A tech startup that began as a “moonshot” project at Google X has raised $2 million in seed money as it promotes a more affordable type of ground-source heat pump.
Details about the system developed by Dandelion were skimpy. The company says that it has developed “clean drilling technology” that will be much less disruptive to property than the current practice of drilling wells or excavating deep trenches for the heat exchange tubing the systems need.
Its website says that the drill makes a bore “just a few inches wide” and a few hundred feet deep so a complete installation can be complete in two or three days with minimal disruptions to a customer’s property.
It wasn’t clear whether Dandelion’s system, which it calls “geothermal heating and cooling,” represents any advance in the compressors, pumps, and other components of current ground-source heat pump technology or amounted only to a new way of drilling holes for the tubing.
For the time being, Dandelion says it is offering the systems to homeowners in upstate New York in the Hudson Valley and Capital region. There was no word on when the company planned an expansion beyond that region.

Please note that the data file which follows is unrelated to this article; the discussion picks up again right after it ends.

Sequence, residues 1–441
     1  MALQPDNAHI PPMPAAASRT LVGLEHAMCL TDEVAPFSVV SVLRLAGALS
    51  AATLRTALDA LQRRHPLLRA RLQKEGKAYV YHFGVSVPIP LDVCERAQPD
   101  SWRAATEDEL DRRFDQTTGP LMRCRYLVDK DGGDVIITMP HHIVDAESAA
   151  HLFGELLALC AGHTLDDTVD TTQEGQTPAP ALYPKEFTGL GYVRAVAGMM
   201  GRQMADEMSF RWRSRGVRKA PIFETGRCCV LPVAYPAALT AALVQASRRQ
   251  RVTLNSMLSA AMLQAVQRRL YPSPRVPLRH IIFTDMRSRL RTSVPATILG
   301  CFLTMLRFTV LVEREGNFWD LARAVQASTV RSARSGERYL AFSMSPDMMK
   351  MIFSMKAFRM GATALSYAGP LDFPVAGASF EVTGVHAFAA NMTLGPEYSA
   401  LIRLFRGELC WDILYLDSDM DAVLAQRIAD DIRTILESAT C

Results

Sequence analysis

Lower costs also are promised
The extensive excavation that ground-source heat pumps often require is one sticking point for some homeowners, and so is the cost. Many estimates from experts for a complete system top $40,000, with one as high as $50,000. (See Are Affordable Ground-Source Heat Pumps On the Horizon?). That’s far above the cost of competing technologies.
Dandelion’s site says that homeowners will pay $20,000 for an installed system with no upfront costs. Monthly payments would be less than the $210 a homeowner using $2,500 worth of propane or fuel oil per year would pay.
Dandelion is a spinoff from a two-year project at X, Google’s subsidiary for long-shot projects, according to an announcement posted at BusinessWire. Alphabet calls X the “innovation engine” of the giant tech company.
GBA is seeking additional information from Dandelion and will update this article if more information becomes available.